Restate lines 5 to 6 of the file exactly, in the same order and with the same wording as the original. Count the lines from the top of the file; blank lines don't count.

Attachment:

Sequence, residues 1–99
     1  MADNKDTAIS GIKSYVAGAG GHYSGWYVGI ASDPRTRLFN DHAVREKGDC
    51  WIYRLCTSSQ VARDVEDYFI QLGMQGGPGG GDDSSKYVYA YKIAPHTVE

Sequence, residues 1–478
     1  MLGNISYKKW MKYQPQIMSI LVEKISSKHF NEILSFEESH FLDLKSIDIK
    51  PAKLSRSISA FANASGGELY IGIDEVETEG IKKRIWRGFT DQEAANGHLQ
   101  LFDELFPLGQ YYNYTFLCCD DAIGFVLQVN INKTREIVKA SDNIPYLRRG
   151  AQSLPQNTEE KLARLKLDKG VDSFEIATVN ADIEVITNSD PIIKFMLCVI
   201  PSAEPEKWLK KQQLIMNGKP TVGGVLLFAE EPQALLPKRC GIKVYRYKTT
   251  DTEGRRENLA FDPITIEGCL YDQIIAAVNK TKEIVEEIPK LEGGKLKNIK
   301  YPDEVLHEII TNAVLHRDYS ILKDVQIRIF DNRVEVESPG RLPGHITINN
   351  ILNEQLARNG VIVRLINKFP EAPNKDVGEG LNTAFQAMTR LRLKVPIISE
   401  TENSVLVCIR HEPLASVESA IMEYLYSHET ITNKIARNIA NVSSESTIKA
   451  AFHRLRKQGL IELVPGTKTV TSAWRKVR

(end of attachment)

     1  MLGNISYKKW MKYQPQIMSI LVEKISSKHF NEILSFEESH FLDLKSIDIK
    51  PAKLSRSISA FANASGGELY IGIDEVETEG IKKRIWRGFT DQEAANGHLQ